Chet Rhodes, the Post's deputy multimedia editor, said about his decision to offer the Post's content to iTunes users: "We didn't even contact Apple about this. We just did it to get a bigger audience for our great multimedia content." He then expressed his desire to get his advertisers as excited about the medium as he is, estimating roughly that videos will have to be downloaded at least 10,000 times before that might happen.
"Overnight, Apple has opened up the portable market that everyone's been dreaming about," Larry Allen, the general manager of Unicast, a provider of pre-roll ad technologies, told me last week.
But, while he recognized the opportunities for brand awareness and customer retention, Allen cautioned: "Because the only metric available with the iPod is the number of times something is downloaded, you'll see a lot of advertisers waiting on the sidelines until better tracking is available."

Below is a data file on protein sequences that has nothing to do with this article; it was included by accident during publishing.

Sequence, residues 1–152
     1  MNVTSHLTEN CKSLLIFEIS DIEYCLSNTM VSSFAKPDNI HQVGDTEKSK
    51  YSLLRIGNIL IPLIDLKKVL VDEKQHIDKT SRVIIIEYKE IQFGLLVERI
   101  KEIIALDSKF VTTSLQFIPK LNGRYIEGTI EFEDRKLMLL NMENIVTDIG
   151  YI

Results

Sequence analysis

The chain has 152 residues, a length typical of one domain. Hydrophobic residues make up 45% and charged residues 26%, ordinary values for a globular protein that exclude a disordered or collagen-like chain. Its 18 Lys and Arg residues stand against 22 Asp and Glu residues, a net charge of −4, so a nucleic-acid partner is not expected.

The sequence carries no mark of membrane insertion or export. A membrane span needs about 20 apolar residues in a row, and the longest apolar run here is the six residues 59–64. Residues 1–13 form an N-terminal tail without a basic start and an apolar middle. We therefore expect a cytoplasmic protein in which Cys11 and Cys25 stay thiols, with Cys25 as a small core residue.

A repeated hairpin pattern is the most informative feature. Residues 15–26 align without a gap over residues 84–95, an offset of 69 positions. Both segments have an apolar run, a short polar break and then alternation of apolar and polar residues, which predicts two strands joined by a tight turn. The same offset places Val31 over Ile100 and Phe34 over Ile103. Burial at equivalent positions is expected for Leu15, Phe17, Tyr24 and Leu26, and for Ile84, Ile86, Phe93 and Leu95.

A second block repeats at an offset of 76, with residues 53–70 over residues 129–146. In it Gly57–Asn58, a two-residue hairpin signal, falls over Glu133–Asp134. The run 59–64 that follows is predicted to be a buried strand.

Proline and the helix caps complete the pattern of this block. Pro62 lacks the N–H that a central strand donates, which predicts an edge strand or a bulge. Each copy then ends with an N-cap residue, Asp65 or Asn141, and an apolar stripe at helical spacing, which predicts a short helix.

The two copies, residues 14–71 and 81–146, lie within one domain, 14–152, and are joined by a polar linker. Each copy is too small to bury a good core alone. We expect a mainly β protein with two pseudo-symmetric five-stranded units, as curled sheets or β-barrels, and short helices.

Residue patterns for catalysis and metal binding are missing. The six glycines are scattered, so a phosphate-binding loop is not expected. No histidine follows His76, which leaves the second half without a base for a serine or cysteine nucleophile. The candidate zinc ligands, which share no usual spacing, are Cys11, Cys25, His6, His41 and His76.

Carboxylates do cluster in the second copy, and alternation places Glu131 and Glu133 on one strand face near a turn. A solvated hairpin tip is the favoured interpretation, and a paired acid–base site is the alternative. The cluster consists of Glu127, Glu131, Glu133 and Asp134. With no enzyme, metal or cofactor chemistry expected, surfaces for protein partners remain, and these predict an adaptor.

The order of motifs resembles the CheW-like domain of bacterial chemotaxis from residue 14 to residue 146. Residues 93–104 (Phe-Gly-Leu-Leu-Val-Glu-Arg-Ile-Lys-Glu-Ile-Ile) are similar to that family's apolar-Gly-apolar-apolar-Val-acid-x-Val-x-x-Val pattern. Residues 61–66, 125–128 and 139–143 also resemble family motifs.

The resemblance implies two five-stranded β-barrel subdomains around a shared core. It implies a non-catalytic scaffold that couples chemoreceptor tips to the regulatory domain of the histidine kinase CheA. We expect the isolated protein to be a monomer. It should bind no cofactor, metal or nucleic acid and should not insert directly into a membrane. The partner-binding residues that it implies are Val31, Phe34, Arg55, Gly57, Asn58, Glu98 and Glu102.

So, as exhilarating as the video iPod's ad-supported future might be, we can't lose sight of the still vastly more accountable ad units that we all know and love.
A good example is PointRoll, which has released its PaperBoy ad unit, designed specifically to attract the elusive local ad dollar. It's a banner ad that expands to display product and sales information right on the ad. Set to appear on the Web sites of parent company Gannett, as well as sites owned by Knight-Ridder, the Tribune Company and Yahoo!, PaperBoy lets advertisers around the nation upload newspaper circulars directly into the ad format.
Concluding with a trend to watch, I direct your attention to rich media's deployment by an expanding assortment of properties and products. The stuff's no longer just for movies, video games and music videos. Klipmart, for instance, has just produced creative for toy maker Hasbro and the popular Japanese anime Yu-Gi-Oh, each geared for Cartoon Network preteen audiences. Working with British gin producer Tanqueray--which is currently targeting urban markets--Klipmart developed a banner ad with an original R&B track that viewers may download and edit themselves. Random House is another client of Klipmart's, which alludes to book publishers' increasing readiness to put as much energy into online creative as has traditionally gone into dust jacket illustration.